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Some Thoughts

January 8, 2010

*I know the following post is very elementary in nature. I just feel the need to break a few points down into smaller units. My post’s long digressions may not do anyone but me any good. Nevertheless, I have so much swimming in my head that I need to get it out.

Today when I was processing the comments in the Mary Daly thread, including the allegations about Daly’s racism, I wondered why is it so difficult for people (to put it softly, but really, our audience is women, and more than likely it is white women concerned about Daly’s possibly blemished reputation) to accept the fact that a woman can have faults and still be admired. Mary Daly does not have to be perfect for her contribution to feminism to be acknowledged. It does not have to be proven that Mary Daly was not a racist for women (all women) to appreciate her work. Both Margie and Soulsistasoulja publicly identify as black women and both have acknowledged reverence for Daly’s work.

Whenever anyone feels a need to defend something, I think she or he should ask themselves what is motivating his or her desire. What is at stake? For instance, if I defend a fat cat banker and someone calls me on it (or even if I am not called on it), I should examine why I am defending a fat cat banker. Do I identify with fat cat bankers and want to assure their position in the financial world? (Please kick me if I ever do actually show signs of identifying with fat cat bankers.)

I was wondering what analogy I could use to get my point across, and I think I have one that works. Of course, I must use disclaimers. First, I am by no means saying white feminists are men or rapists (for some women, men and rapists are one in the same, and I respect that opinion, but for my analogy, I will separate the two, –to a degree). Second, I am not saying white feminists are men or rapists! And third, working toward eradicating racism does not drain feminism. Devoting time and energy to the tyrannie movement does drain feminism. Women come in all races. Tyrannies are men. Discussing and fighting racism is in fact feminist. Indulging mentally ill men is not feminist. I hate when white feminists dismiss racism as a diversion similar to trannie-ism. Racism is about females. Trannie-ism is about males. To dismiss them in the same vein is to imply that to concern oneself with the plight of black women (yes, black women. We must go to the root, not stop along the branches and leaves) is as unproductive as concerning oneself with men. One may ask, “If I fight racism, am I not fighting for men? There are men of color.” Well, one could also ask, “If I fight against rape, am I not fighting for men? Men are raped too!” But that is not the focus. The center point is to exorcise racism from feminism. If doing so garners positive residuals for men, so it does. The necessity is to remove the barriers among women.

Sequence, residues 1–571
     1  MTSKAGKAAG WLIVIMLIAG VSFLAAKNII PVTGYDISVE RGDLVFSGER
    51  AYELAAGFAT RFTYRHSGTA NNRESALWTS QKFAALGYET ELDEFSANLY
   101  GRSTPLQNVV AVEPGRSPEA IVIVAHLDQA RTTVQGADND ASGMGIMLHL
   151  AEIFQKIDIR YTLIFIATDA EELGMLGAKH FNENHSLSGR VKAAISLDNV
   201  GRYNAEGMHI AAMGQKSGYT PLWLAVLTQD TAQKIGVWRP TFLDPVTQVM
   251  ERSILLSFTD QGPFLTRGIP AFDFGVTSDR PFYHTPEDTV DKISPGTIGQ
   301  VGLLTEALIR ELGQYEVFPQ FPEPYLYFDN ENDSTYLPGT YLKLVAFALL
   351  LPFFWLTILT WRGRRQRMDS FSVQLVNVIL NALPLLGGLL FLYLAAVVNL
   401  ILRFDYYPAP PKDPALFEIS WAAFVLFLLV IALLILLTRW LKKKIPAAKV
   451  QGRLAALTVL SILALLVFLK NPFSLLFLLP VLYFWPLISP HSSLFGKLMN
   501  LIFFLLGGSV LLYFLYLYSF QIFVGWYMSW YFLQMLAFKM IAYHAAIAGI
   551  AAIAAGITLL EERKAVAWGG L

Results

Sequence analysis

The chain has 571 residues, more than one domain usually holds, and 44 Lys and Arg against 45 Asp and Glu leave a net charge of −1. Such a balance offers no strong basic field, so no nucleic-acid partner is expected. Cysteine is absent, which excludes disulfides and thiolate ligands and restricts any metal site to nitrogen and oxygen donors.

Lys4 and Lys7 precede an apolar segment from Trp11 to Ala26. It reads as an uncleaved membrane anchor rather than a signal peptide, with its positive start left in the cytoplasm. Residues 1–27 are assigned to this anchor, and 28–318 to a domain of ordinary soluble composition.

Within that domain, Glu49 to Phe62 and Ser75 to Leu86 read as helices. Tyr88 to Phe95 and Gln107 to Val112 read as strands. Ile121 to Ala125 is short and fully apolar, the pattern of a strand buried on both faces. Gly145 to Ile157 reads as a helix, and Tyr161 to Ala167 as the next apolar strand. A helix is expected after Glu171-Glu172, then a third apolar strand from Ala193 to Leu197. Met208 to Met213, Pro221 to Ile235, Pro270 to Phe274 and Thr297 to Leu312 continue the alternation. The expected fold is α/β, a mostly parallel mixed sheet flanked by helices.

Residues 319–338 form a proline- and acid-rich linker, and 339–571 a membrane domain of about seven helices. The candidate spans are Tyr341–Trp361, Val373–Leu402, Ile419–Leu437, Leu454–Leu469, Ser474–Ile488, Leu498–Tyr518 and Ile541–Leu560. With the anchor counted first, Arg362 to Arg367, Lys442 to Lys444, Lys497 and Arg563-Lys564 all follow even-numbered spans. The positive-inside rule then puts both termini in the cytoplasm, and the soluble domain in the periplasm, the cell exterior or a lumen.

Every woman knows how rape has been propagandized as being something a strange man does to a hapless victim he plucks off the street. This propaganda allows “nice and good” men to escape the suspicion and label of rapist. However, women know different. We know who rapes in addition to those boogeyman rapists, don’t we? Black women, white women, Asian women, Indian women, we all know who rapes! Men in general rape. But it sure benefits men for women to believe it is only strange men who are a threat to women, doesn’t it? All the while “nice and good” men are above suspect, women will continue to be oppressed by men en masse. En masse, because there are far more “nice and good” men interacting with women and causing them harm than there are strangers on the street doing the same. Slow and steady wins the race comes to mind. If you do not agree with me thus far, you could at least agree that rape causes both mental and physical pain for women, and for many, everlasting mental and physical pain and that rape is used as a tool to keep women in their place. What better way to maintain control than to have unchecked license to control. How can one question the motives of a “nice and good” man when he is so obviously not a boogeyman rapist? And when/if he is never questioned, then why would he ever question himself? Why would he give up a structural advantage? Why would he ever admit what he is doing is rape?